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20 of 21 people found the following review helpful By John Inman on July 2, 2008
Format: Hardcover
This long awaited book fulfills all of my expectations for a manual to help us create the conversations and collaboration necessary to reclaim our world's health. Over the years there have been quite a few high impact books helping us understand the extent of the challenges we face as we look forward to create a sustainable world. "The Necessary Revolution" steps forward and outlines how to create the partnerships that are needed to unleash the pent up creativity that millions of team members across the world and in all enterprises have been holding back. Peter Senge and team from his organization Society for Organizational Learning come at the subject as world leaders in the austere world of business. It is going to be very difficult for business leaders across the world to read this work and write it off as rantings of an extremist. Peter is one of the top business minds in the world and I do not believe this work can be easily ignored.

For those of us who are disbursed across enterprises and feel like we have little impact on moving our enterprises towards a more sustainable future, this book provides outstanding case studies of work being done across the world by enterprises large and small. Some of the work and the visions of the leaders chronicled in this text are not only enlightening but surprising. After many chapters a "toolbox" is provided to help set the stage for the conversations and collaboration needed to move change forward. And of course, all of this work is set in a framework of systems thinking which is so necessary to be able to see beyond the silos so many are bound by.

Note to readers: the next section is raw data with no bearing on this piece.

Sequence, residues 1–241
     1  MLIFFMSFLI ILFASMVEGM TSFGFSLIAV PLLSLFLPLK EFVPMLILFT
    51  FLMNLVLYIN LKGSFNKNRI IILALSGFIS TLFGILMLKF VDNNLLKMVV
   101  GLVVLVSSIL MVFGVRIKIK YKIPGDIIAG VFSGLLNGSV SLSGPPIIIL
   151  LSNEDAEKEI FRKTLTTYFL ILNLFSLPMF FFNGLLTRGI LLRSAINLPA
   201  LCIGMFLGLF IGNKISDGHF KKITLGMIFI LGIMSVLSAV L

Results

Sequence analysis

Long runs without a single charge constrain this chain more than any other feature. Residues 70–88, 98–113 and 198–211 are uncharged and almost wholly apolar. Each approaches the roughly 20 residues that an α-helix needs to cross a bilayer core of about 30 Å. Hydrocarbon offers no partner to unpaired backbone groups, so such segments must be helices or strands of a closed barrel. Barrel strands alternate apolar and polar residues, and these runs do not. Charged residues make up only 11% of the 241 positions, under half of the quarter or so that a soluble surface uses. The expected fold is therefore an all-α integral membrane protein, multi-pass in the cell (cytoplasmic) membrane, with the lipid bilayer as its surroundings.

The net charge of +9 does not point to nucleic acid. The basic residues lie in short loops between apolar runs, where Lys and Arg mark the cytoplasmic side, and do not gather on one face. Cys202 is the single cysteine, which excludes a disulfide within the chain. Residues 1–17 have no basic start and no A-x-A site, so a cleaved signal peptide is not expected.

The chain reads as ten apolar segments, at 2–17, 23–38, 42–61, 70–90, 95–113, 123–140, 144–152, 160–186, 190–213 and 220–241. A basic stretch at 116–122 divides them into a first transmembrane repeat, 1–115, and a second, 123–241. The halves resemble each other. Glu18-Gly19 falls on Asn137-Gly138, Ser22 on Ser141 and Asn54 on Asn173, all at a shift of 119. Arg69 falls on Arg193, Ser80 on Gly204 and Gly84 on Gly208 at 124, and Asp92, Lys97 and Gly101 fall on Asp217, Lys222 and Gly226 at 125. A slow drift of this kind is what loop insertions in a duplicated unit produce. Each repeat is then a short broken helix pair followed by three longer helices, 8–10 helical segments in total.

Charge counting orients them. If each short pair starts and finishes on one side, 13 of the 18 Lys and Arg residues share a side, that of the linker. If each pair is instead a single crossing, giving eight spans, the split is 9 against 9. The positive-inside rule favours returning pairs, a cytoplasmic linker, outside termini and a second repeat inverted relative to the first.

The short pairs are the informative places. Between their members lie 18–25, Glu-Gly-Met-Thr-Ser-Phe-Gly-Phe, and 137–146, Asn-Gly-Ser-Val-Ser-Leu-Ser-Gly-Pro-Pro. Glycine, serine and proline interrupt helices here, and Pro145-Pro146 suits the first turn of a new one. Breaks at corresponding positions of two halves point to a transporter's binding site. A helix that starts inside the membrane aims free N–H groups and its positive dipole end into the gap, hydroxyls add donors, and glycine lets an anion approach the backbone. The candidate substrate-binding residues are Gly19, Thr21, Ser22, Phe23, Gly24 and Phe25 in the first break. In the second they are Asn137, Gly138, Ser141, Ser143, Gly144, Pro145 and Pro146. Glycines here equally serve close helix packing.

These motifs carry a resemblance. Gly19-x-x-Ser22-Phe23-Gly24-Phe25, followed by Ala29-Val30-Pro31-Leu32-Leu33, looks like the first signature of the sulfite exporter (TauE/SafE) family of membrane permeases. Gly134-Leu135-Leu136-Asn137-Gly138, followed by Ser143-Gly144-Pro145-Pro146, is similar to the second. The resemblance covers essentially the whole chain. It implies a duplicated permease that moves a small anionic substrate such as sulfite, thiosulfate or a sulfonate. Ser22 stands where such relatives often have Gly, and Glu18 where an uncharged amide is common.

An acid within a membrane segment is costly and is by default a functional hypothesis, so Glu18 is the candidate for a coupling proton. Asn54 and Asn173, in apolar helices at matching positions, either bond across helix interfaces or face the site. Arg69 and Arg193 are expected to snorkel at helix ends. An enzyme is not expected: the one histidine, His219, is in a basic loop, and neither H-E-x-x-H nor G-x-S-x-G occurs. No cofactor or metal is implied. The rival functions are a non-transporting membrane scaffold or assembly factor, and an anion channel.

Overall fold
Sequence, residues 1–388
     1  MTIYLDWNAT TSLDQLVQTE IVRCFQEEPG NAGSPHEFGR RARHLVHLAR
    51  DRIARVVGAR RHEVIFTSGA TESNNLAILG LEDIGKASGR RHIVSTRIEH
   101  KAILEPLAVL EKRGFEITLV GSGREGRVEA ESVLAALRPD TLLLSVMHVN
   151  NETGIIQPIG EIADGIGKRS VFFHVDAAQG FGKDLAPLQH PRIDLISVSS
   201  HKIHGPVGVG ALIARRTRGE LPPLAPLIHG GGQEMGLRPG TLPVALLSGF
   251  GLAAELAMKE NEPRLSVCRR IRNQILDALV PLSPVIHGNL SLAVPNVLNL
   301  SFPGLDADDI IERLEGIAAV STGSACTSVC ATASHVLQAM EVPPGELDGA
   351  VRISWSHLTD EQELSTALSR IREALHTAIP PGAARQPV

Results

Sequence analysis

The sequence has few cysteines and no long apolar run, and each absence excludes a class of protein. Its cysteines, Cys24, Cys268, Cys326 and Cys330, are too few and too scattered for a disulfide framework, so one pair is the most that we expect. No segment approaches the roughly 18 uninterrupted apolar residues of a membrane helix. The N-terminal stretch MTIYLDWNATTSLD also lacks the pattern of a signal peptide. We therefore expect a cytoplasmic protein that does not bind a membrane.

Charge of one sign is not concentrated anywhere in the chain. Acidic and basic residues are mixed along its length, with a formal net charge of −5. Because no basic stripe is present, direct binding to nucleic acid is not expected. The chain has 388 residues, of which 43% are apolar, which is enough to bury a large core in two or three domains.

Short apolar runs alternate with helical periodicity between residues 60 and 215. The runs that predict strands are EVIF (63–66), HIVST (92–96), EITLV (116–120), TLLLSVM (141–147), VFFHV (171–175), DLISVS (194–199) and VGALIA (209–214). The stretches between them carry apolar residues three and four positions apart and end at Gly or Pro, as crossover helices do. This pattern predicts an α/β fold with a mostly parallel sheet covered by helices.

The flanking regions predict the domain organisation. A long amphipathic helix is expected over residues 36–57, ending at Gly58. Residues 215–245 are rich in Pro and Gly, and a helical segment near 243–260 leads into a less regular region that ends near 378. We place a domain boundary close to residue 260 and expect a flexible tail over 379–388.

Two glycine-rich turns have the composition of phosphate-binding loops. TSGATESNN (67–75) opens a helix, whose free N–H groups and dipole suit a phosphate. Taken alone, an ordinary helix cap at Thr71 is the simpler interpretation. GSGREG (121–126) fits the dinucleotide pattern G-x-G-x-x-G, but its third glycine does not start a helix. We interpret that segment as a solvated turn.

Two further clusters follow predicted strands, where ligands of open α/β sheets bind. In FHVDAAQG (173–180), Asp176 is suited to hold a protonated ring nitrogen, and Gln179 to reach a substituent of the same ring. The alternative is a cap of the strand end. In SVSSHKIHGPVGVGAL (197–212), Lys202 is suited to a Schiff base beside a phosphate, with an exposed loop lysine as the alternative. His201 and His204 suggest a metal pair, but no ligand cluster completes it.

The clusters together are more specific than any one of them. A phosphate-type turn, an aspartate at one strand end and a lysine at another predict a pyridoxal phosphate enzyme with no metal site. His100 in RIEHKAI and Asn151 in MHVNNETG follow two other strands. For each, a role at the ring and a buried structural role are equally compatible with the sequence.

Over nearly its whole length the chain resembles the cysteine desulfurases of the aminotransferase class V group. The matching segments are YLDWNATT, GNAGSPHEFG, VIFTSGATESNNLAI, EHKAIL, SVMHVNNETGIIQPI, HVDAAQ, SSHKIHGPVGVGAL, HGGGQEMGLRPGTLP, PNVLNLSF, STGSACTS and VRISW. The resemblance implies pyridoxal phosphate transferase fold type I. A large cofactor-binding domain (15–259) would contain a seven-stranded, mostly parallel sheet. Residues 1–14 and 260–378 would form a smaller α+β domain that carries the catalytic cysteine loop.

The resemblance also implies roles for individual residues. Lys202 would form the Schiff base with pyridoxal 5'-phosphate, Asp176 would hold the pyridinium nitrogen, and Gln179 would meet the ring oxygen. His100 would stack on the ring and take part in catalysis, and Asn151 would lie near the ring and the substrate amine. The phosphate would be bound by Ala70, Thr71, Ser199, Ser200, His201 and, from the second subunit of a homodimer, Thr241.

"The Necessary Revolution" should be required reading for community leaders of all types, NGO, religious, Government, and corporate alike.
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67 of 83 people found the following review helpful By Ana Kritis on August 5, 2008
Format: Hardcover
The Necessary Revolution: How Individuals and organizations are working together to create a Sustainable World. (TNR)
Value of TNR: The theme of TNR is that we must shift beyond being reactive in our solutions approach, merely seizing short term solutions, and move to deep thinking to really make a difference. I strongly agree. The book includes many stories of what organizations and individuals are doing to try to be more proactive. The "Take, Make, Waste" mode of the last 60 years is no longer viable and some folks are digging deeper in their thinking and getting beyond symptom solutions. It is the right message but with insufficient thinking on the part of the authors on what it would really take to accomplish that deep thinking. They fall into the same trap they are critiquing, working in a problem-solving mode with humans doing less harm and letting nature restore itself, but with just a more sophisticated version than they challenge.
Shortfall: The authors point out that what got us into the mess we are in is working from a Cartesian view of reality that sees the world as things divided into parts and pieces that are not connected. As a result we have outsourced solutions by specialty, allow the problem creator to side step the deep dive to get to the underlying causes. However, TNR is working with an approach to Systems Thinking based on the Study of machines and computers that originated at MIT with Jay Forrester in the Engineering and Cybernetic Systems School in the 1950s. Forrester moved to the Sloan Management School and took his Systems Dynamic Theory with him. It is still a part of the Sloan School and has been adopted by the SOL Sustainability Consortium unrevised from its computer science basis and applied directly to human systems.